Dr Kit Yates, Co-Director of the Centre for Mathematical Biology, University of Bath, said:

“The criteria for PHEICs are: 1 that it is an extraordinary event, 2 that it constitutes a public health risk to other states through international spread of disease and 3 that it potentially requires a coordinated international response.

“It’s hard to say that covid is an extraordinary event any more.  It has also infiltrated every country with most countries having largely or completely given up on controlling its spread.  There is no doubt, however, that international cooperation in tackling covid, for example in distributing vaccines equitably is still very much required.

“Importantly this declaration from the WHO doesn’t mean that covid isn’t still an issue and it doesn’t mean there isn’t more we can do to help reduce its spread and diminish its impact on the health of the population.”


Prof Mark Woolhouse, Professor of Infectious Disease Epidemiology, University of Edinburgh, said:

“Today’s announcement by the WHO that Covid-19 is no longer a Public Health Emergency of International Concern is the start of a new phase in humanity’s relationship with the SARS-CoV-2 virus.

“The ending of the emergency is emphatically not the end of Covid-19 as a public health problem.  Rather, it is a recognition that we are no longer seeing major surges in infections, severe illness and death.  Hopefully, the large wave in China at the beginning of the year – precipitated by that country’s abrupt exit from their Zero Covid strategy – will be the last event of such magnitude.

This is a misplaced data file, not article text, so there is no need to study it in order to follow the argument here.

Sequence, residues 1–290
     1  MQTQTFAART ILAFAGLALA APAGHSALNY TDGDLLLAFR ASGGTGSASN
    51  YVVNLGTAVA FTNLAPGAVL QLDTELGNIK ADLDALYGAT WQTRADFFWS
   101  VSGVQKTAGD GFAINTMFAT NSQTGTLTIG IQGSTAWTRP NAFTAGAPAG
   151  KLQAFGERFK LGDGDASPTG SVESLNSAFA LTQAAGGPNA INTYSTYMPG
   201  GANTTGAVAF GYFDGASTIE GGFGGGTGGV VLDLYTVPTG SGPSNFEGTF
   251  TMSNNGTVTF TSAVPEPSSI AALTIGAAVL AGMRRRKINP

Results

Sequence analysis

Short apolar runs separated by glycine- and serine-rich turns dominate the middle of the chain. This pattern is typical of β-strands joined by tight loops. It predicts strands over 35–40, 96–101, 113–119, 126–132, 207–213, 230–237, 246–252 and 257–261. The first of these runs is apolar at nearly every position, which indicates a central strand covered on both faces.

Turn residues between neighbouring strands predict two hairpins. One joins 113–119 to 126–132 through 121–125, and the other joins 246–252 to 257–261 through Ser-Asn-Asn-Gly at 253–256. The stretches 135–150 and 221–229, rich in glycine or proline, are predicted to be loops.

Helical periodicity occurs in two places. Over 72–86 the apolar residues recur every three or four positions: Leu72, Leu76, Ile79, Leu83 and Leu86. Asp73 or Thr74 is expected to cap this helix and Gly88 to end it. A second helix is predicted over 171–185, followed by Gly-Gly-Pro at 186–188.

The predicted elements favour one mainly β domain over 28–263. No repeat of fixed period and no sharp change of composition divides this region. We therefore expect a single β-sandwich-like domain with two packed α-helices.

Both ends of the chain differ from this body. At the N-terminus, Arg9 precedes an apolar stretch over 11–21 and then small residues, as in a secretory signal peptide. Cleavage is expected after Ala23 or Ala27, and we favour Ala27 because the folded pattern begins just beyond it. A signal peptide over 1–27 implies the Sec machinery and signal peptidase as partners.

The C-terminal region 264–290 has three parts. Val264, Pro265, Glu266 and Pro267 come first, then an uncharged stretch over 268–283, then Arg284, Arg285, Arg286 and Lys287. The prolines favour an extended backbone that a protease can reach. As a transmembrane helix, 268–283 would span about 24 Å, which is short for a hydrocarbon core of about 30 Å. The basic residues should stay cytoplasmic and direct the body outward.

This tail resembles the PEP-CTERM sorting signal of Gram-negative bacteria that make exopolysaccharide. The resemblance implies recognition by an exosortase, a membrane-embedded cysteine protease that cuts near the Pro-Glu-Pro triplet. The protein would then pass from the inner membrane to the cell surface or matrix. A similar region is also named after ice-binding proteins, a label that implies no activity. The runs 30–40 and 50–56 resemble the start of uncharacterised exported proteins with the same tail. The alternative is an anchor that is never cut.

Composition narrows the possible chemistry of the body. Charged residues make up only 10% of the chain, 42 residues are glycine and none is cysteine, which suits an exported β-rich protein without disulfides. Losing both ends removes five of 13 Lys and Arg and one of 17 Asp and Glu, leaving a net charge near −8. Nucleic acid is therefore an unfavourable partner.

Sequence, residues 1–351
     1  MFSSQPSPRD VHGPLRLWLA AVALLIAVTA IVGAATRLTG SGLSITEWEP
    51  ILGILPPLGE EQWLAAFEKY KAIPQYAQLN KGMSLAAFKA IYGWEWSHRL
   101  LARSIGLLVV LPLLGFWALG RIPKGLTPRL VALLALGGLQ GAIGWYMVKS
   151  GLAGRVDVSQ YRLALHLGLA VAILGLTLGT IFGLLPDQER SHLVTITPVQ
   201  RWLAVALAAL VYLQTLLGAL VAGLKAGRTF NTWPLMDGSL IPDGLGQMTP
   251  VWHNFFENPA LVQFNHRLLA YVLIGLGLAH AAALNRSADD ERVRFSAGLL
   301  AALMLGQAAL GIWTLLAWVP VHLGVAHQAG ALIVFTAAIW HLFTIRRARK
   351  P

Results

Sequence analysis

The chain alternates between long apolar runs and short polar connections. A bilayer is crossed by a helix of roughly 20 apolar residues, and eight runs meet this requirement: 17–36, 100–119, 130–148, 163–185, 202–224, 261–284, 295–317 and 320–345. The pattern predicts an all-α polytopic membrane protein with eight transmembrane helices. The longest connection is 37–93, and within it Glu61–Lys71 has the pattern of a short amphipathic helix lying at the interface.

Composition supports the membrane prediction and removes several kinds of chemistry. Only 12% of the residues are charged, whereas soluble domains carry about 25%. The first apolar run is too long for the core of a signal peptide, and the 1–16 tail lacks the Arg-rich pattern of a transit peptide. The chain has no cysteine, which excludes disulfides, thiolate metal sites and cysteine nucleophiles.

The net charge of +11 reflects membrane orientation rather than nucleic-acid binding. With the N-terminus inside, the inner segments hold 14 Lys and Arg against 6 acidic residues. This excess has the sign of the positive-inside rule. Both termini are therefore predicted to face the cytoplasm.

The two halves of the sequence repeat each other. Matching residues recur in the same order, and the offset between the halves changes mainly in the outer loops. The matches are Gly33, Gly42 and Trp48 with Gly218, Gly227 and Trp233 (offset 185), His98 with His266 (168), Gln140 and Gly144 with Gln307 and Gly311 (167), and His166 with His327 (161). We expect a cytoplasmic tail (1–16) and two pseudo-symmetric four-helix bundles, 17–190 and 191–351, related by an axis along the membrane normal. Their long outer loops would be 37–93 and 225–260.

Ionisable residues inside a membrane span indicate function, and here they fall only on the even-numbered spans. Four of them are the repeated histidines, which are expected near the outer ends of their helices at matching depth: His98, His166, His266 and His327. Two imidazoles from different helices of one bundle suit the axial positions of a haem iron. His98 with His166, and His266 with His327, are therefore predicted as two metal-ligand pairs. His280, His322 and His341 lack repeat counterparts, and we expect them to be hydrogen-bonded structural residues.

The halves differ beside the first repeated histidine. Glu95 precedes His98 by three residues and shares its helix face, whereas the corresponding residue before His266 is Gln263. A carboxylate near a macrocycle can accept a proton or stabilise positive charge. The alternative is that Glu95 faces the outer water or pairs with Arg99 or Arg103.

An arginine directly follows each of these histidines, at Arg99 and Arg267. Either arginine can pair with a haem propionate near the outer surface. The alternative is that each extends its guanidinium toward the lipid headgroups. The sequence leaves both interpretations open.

“This change in the epidemiology of Covid-19 is the result of herd immunity building up in populations around the world, thanks to a combination of vaccination coverage and natural exposure to the virus.  Herd immunity was always how the pandemic phase would end, sooner or later.  We were always going to have to live with the virus.  This was apparent to epidemiologists from early 2020, even though many were unwilling to accept it at the time.

“That said, SARS-CoV-2 continues to evolve rapidly, generating new variants that can at least partially evade any existing immunity.  This is keeping levels of infection high, and some variants still generate new waves, though these waves are not as explosive as they were earlier on.  The latest variant of interest is XBB.1.16 and there will surely be others.

“So we must remain vigilant, which means continued monitoring of cases and sequencing virus genomes, though at a less intense level than a year ago.  In the UK, the newly announced ONS survey of respiratory infections will be a welcome contribution to this effort.